A hypothesized mechanism for the origin of life, an event called abiogenesis. In this version, called RNA world, small molecules called nucleotides formed in the waters of the early Earth during the Hadean Eon, and polymerized on the surface of clay minerals. These simple chains of RNA could replicate themselves in solution, but only slowly and inaccurately. An RNA molecule developed which would fold into a structure that catalyzed RNA polymerization; a ribozyme. The first ribozymes would replicate their sister strands, and produce copies of themselves and other RNA molecules.
In the same environment, long chains of carbon molecules called phospholipids were formed. These molecules have two parts, the tail, which is hydrophobic, and the head, which is hydrophillic. Because of these properties phospholipids will stick together and form micelles and vesicles in water. Vesicles can absorb RNA nucleotides, concentrating them and creating a space where they can replicate, mutate and evolve. At some point a ribozyme became enclosed within a vesicle, starting a chain reaction that evolved into the multitude of biological forms that we see today.
Because this event occurred more than 3.8 billion years ago, theories about how and where it happened are highly speculative. Possible environments for abiogensis include hydrothermal vents on the ocean floor, hyper saline bubbles of water trapped in ice, radioactive lakes or lagoons on earths surface, and even in space or on another planet, brought to earth through a panspermia event. We have very little molecular evidence of the first cells, but ribozymes and catalytic RNA molecules are embedded in the DNA replication machinery of all life. Because evidence of this event has almost certainly been lost to time, the true mechanisms of the origin of life may remain a mystery to science.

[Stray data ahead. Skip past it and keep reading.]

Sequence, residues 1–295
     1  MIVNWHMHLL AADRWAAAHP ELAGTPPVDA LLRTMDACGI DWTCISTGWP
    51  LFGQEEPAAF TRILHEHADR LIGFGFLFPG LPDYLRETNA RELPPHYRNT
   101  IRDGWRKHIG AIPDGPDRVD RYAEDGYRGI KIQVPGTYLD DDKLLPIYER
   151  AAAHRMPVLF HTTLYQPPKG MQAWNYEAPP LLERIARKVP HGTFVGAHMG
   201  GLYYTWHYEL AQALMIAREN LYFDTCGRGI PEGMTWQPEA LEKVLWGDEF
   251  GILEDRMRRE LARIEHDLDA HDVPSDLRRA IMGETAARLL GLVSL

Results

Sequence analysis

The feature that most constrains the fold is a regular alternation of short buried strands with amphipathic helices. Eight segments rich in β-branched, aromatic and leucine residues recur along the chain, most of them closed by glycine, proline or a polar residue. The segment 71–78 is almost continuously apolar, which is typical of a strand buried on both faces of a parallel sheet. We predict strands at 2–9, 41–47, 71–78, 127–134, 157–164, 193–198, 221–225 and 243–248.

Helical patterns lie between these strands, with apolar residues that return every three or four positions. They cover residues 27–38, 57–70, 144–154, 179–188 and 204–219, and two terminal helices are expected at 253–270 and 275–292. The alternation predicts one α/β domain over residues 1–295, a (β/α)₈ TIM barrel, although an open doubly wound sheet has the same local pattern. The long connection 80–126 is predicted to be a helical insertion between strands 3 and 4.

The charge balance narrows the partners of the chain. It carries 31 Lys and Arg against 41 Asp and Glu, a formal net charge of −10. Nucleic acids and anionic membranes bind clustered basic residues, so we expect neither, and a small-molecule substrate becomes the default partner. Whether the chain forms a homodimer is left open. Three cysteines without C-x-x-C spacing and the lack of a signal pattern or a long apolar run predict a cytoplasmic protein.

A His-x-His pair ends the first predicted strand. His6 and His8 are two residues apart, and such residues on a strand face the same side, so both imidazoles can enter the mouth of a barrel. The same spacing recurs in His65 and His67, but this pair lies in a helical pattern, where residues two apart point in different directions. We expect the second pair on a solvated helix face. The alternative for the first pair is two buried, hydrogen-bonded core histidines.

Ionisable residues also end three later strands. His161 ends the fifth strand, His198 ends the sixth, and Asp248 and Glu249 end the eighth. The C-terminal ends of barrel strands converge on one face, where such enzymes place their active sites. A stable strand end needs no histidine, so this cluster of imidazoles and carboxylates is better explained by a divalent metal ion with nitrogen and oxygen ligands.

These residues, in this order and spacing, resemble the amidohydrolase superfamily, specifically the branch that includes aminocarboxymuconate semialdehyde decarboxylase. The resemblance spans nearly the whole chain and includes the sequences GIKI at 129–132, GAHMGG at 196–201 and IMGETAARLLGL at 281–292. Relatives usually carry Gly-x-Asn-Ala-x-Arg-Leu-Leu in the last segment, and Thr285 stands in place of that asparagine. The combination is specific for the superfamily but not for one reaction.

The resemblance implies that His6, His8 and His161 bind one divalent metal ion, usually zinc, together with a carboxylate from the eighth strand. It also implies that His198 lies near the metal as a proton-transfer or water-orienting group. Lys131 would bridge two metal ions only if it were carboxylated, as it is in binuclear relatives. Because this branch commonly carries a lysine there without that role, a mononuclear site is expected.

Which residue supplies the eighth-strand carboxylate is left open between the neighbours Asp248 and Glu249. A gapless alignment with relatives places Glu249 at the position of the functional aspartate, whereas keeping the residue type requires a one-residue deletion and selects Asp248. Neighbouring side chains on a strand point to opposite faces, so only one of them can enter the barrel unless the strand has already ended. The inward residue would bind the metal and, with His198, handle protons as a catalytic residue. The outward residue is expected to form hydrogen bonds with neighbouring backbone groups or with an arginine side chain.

lightning illuminates an ash cloud that extends ten kilometres high in this june 5, 2011 eruption of puyehue volcano, near osorno in southern chile. known as a dirty thunderstorm, this phenomenon is yet to be explained by science, as the source of the lightning (or the specific mechanism by which particles of differing charges are separated in the ash cloud) continues to be debated.
Ambrym is a large basaltic volcano with a 12-km-wide caldera. It is not only one of the most active volcanoes of Vanuatu, but also in the world. Ambrym’s caldera is a wide, impressive moon-like landscape containing an ash plain, cut by innumerable erosion gullies and containing several active craters and recent lava flows.
The caldera is believed to have formed during a major plinian eruption with dacitic pyroclastic flows about 1900 years ago. Activity after the caldera formation was concentrated around two vents that have become large complex craters called Marum and Benbow. Often, both Marum and Benbow (as well as other craters) contain small lava lakes, which occasionally erupt lava flows onto the caldera floor, or even exit the caldera through erosion gaps.
To capture close-up footage of this lava lake on the Pacific island of Vanuatu, Geoff Mackley and his colleagues had to brave excruciating heat and some rather precarious-looking abseiling.